Cover image for Stewards of democracy : law as a public profession
Stewards of democracy : law as a public profession
Carrington, Paul D., 1931-
Personal Author:
Publication Information:
Boulder, Colo. : Westview Press, 1999.
Physical Description:
xi, 306 pages : portraits ; 24 cm.
Reading Level:
1730 Lexile.
Format :


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KF352 .C33 1999 Adult Non-Fiction Central Closed Stacks

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Stewards of Democracy is a celebration of a moral tradition famously observed by Alexis de Tocqueville through the eyes of Francis Lieber, a Prussian emigré who in antebellum times wrote of political ethics, hermeneutics, and comparative constitutional law as aspects of the moral duties of American lawyers and judges. The duty of the profession unifying this tradition has been to nurture and protect the institutions of self-government on which depend the stability of our complex social order and the protection of all our legal rights. Thomas Cooley, perhaps the lawyer most respected by nineteenth century Americans, is presented as a primary exemplar of the dutiful tradition. Much of the book is an account of his career as judge, scholar, teacher, and founding chair of the Interstate Commerce Commission. Cooley's career was succeeded in the tradition by a trio of Progressives: Louis Brandeis, Ernst Freund, and Learned Hand, whose careers area also examined. Finally noted is the more recent career of Byron White.Carrington contends that the dutiful tradition marked by the careers of the five exemplars is threatened by the mutually reinforcing tendencies of the Supreme Court and other high courts, of highly respected legal scholars, of the most honored of our law schools, and of noted legal journalists, all of whom tend to work from the premise that political and moral judgments can best be made by an elite and imposed on a passive citizenry, a belief tending to fulfill itself. The result is a threatened suffocation of the political institutions commanding the loyalty and enduring support of citizens. The book concludes by suggesting possible causes for a future reversal of this long-term trend and the steps such a reversal might entail.

Author Notes

Paul D. Carrington teaches civil procedure at Duke University Law School

Reviews 2

Booklist Review

Carrington, who teaches at Duke University Law School and has served as a legal advisor to the federal government, is attuned to the continuity between education, philosophy, and the legal profession. He's also attuned to the impact of that continuity on the larger social and political order and focuses his book on the role of lawyers in U.S. political history. Despite popular dislike of lawyers, Carrington's own faith in the profession is "redeemed when lawyers and judges subordinate their own political preferences to those expressed by the institutions of representative self-government." In this regard, he focuses on some of the giants of the profession: Thomas M. Cooley, Louis D. Brandeis, Ernst Freund, Learned Hand, and Byron White. These were men who were aware of their public responsibilities and could mediate the interests of the democratic majority and the monied class, and/or other minorities, with a non-self-interested bias toward the public good. This book is a worthy read for those interested in the intersection of legal personalities and U.S. history. --Vernon Ford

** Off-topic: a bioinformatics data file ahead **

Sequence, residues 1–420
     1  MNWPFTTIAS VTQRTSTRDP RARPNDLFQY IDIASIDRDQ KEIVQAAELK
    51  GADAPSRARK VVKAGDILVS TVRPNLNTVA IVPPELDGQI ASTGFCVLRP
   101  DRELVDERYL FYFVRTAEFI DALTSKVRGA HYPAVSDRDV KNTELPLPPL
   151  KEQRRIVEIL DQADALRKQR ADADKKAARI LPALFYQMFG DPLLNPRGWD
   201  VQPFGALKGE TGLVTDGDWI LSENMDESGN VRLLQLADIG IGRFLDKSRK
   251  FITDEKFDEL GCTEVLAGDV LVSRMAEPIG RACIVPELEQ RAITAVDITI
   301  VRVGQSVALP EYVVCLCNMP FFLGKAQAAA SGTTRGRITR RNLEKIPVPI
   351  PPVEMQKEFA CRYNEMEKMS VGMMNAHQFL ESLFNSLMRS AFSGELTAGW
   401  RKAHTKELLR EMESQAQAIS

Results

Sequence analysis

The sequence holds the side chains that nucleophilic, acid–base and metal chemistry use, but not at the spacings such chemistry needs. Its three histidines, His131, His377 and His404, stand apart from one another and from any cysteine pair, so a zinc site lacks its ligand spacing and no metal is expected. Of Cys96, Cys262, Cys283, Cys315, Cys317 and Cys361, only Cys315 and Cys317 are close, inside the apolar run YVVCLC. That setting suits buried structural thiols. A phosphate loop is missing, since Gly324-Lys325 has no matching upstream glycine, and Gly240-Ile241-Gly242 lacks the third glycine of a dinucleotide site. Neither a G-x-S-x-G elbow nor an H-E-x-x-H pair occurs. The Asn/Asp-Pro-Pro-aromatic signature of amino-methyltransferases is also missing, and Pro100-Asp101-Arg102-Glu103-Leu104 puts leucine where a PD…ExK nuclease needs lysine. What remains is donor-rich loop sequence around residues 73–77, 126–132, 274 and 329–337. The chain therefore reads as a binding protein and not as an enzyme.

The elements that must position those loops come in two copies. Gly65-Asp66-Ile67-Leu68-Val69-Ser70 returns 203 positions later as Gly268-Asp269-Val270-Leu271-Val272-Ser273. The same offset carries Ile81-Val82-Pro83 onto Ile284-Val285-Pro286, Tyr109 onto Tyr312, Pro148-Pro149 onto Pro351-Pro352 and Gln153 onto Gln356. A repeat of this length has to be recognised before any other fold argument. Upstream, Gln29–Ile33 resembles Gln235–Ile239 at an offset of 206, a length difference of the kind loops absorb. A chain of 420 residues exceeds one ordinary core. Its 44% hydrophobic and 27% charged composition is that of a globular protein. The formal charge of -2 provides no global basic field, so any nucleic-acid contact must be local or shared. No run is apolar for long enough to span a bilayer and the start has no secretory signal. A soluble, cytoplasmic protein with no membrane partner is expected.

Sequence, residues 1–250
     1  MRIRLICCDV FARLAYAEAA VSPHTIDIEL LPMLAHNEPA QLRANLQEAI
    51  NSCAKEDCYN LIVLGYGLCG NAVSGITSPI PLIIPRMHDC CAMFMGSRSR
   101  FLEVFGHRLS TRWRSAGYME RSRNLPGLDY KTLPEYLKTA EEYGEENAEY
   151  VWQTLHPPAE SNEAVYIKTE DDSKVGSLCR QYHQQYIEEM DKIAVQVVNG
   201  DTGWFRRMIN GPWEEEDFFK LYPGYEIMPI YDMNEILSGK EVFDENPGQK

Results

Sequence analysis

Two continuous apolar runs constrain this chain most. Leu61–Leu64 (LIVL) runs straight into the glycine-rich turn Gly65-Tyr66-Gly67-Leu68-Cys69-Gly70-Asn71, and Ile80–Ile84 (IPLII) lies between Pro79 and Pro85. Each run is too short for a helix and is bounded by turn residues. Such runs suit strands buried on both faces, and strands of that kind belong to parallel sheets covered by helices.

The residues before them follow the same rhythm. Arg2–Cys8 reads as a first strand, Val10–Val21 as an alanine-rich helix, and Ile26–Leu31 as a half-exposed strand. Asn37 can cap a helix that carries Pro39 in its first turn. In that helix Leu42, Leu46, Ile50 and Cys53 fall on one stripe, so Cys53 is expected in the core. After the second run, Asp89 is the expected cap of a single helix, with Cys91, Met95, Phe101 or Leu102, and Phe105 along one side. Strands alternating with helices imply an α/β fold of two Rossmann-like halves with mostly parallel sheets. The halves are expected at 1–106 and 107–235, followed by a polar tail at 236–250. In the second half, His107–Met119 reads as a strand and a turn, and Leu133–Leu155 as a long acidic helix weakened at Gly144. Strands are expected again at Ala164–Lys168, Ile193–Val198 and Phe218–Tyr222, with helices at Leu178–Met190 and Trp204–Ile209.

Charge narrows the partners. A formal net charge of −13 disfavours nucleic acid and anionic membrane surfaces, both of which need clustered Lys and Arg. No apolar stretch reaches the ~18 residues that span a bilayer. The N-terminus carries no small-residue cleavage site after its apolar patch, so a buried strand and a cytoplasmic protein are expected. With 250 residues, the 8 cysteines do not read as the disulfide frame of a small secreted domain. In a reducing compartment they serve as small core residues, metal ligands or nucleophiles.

Choice Review

The legal profession and the practice of law have changed dramatically in the last 100 years. According to Carrington, the rise of the academic law school has transformed the study of law from a tool to support democracy and citizenship to a practice that has grown disdainful of, and separate from the wishes of, the general public. To substantiate this, Carrington contrasts the careers of Thomas Cooley of the University of Michigan Law School with that of Christopher Langdell, dean of Harvard Law School and originator of the case law teaching method. The two offer contrasting views on the democratic versus the scientific nature of law as well as contrasts in the career of lawyers as democratic or disdainful of democratic institutions. Additional chapters on Brandeis, Freund, Learned Hand, and Byron White document examples of lawyers seeking to fulfill their public duties. The book concludes with criticisms of the maladies of law school education. While at times interesting, the book is often incoherent and many of the claims, although perhaps valid, are not well substantiated or explored. Suitable for undergraduate collections on the history of the legal profession. D. Schultz; Hamline University

Table of Contents

Preface and Acknowledgmentsp. ix
Illustrationsp. xi
1 An Embattled Faithp. 1
2 A Celebrationp. 7
3 The Brahmin Hostsp. 11
4 The Barnburner Persuasionp. 15
5 Legal Education for the Peoplep. 25
6 Law and the Lightning of Geniusp. 35
7 The Supreme Court in Jacksonian Perspectivep. 47
8 Deference to Democracy: A Barnburning Courtp. 55
9 A Nineteenth-Century Classicp. 69
10 The Civil War Amendmentsp. 83
11 Industrializationp. 95
12 Railsp. 101
13 The Advent of Federal Administrative Lawp. 107
14 Three Progressivesp. 117
15 Louis Brandeisp. 121
16 Ernst Freundp. 131
17 Learned Handp. 137
18 A New Age of Judicial Heroismp. 145
19 Ineffective Judicial Heroicsp. 153
20 First Amendment Heroicsp. 163
21 The Contagion of Judicial Heroismp. 173
22 Academic Law and Judicial Heroicsp. 181
23 Byron White, Outcast Justicep. 193
24 The Political Economy of Legal Educationp. 205
25 Prospectp. 219
Notesp. 225
Referencesp. 265
Indexp. 299